but they were even forbidden to convert to Christianity. It is doubtful whether this latter statement is accurate. Roger was probably not interested in converting these soldiers, for as a minority they relied on his protection and therefore submitted to him unconditionally, but this does not mean that the count was at heart favourably disposed towards Islam. Roger only tolerated the Muslims because he needed them. In 1086 he had forced the Emir of Enna, Ab¯ 'l-Q¯ sim ibn Hamm¯ d, who had admitu a u . tedly proved a particularly awkward opponent, not only to capitulate but to convert as well. Furthermore, by calling for the immigration of Christians in Sicily the count was attempting slowly to displace the Muslims from their dominant position. But for practical reasons forced conversion could hardly have been put into effect.21 When Roger I conquered Malta in 1090 he freed the Christians who were held prisoner there; these were probably pilgrims and merchants who had fallen into the hands of Muslim pirates. He hoped that they would settle in Sicily. He helped the numerous small Greek monasteries which had become rather run down during the Arabs' rule. He also encouraged the immigration of Italo-Greeks from Calabria. In addition, he founded a few great Latin abbeys such as St Bartholomew on the island of Lipari (before 1085) and the Holy Saviour at Patti on the adjacent north coast of Sicily ­ these were combined together in 1094. He also founded the monastery of St Agatha at Catania in 1091, which also served as the chapter for the cathedral there, and the nunnery of St Mary at Messina ( before 1101). These abbeys lying in the northeast of the island contributed to the Latinization of this hitherto mixed Greek­Arab area. Towards the end of the eleventh century, the Abbot of St Bartholomew on Lipari called on `Latin-speaking people, wherever they may be' to move to the country. Northern Italians migrated to Sicily in the wake of Roger's third wife Adelaide.22 Following the conquest of the island, a new church organization had to be created. It was only in Palermo that a bishop was found, who `albeit timorous and a Greek' (according to Malaterra) was practising Christian worship as well as he could in a poor church dedicated to St Cyriakus. The cathedral had been turned into a mosque by the Muslims. The Normans reversed this process and gave the cathedral back to the bishop. However, he seems soon to have been replaced by a Latin prelate. In 1080 Roger made his base at Troina the seat of a bishopric, personally appointed the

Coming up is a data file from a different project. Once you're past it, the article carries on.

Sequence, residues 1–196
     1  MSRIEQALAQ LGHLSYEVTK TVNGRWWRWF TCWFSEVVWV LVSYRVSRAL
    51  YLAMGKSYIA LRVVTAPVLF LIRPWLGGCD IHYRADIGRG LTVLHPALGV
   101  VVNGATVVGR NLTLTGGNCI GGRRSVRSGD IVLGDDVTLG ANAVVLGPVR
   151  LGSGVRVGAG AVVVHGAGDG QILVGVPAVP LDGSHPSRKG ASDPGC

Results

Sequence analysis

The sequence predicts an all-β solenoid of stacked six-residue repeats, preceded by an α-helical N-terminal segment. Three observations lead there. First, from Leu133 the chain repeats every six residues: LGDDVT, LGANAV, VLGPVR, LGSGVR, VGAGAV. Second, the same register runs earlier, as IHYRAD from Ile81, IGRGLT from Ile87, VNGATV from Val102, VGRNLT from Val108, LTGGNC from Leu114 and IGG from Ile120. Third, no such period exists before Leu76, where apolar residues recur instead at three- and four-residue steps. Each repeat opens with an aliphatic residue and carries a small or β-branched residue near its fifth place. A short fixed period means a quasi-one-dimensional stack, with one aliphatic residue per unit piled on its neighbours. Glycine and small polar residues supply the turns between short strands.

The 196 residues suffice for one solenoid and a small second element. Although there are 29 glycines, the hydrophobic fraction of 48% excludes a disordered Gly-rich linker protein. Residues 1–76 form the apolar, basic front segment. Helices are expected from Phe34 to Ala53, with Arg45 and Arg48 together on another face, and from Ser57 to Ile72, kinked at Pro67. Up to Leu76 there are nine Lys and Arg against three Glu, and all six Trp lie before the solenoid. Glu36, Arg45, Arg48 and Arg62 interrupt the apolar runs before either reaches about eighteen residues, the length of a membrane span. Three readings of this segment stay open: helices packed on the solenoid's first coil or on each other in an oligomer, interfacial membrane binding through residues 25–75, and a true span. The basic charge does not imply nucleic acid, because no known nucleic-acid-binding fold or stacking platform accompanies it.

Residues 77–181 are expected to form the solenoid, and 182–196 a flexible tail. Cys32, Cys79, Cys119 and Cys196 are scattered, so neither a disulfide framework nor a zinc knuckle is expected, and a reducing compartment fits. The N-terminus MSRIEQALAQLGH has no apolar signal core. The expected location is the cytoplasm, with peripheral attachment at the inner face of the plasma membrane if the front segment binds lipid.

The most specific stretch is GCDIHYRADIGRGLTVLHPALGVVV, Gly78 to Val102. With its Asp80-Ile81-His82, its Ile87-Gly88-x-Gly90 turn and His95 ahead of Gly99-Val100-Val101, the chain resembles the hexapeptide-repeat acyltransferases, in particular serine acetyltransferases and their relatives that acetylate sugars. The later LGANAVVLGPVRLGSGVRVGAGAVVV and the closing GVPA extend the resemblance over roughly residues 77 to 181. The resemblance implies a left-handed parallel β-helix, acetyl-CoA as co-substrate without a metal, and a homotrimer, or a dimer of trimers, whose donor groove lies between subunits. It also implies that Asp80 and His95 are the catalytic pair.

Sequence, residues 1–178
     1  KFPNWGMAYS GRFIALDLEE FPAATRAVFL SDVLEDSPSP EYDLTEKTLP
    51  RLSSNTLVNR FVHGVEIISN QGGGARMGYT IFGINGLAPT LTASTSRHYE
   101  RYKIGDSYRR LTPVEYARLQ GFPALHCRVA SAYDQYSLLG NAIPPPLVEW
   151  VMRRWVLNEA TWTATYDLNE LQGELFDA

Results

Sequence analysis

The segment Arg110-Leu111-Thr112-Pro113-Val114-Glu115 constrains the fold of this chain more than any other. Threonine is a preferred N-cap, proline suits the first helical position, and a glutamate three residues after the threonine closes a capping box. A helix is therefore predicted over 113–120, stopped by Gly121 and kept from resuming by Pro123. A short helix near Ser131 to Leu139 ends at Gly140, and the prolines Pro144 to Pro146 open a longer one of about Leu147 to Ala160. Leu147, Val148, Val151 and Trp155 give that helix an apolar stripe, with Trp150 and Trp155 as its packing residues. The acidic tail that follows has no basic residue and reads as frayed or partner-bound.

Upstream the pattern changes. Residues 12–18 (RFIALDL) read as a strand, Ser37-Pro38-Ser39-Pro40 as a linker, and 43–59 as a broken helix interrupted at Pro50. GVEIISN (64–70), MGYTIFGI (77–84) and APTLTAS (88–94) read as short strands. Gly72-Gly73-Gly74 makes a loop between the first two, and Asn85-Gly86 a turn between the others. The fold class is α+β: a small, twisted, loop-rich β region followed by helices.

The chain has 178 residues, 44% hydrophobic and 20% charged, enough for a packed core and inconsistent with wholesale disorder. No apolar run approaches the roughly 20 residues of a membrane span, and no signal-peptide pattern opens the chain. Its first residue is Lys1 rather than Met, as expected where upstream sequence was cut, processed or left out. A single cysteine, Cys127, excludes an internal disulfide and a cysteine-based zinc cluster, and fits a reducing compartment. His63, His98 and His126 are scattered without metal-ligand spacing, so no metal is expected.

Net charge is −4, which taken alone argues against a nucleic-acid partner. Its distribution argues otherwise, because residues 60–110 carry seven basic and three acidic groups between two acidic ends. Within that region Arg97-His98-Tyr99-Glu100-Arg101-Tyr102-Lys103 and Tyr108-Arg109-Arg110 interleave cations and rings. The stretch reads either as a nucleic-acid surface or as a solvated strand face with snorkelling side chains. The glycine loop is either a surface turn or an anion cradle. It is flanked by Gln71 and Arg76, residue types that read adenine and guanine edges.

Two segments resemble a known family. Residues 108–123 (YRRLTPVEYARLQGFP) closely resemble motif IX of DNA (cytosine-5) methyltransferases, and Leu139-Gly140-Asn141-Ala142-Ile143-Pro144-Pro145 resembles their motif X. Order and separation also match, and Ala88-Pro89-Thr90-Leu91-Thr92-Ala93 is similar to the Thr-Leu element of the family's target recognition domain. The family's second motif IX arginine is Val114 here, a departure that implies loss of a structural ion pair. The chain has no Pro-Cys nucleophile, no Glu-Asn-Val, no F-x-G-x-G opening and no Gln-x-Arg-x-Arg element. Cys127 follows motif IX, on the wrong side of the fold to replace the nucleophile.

21

22

The Life of St Anselm, Archbishop of Canterbury, by Eadmer, ed. R. W. Southern (London 1962), 111­12; Malaterra iv.6, p. 88. Rizzitano (1977), 204ff; Houben (1994a), 166ff; Loud (2000b), 184. Malaterra iv.16, p. 95. Roger II, Diplomata, 64­5 no. 23: homines quicumque sint, latine lingue. Cf. White (1938), 84­5, Falkenhausen (1987), 47­9, Houben (1995a), 43­5.

20

The inheritance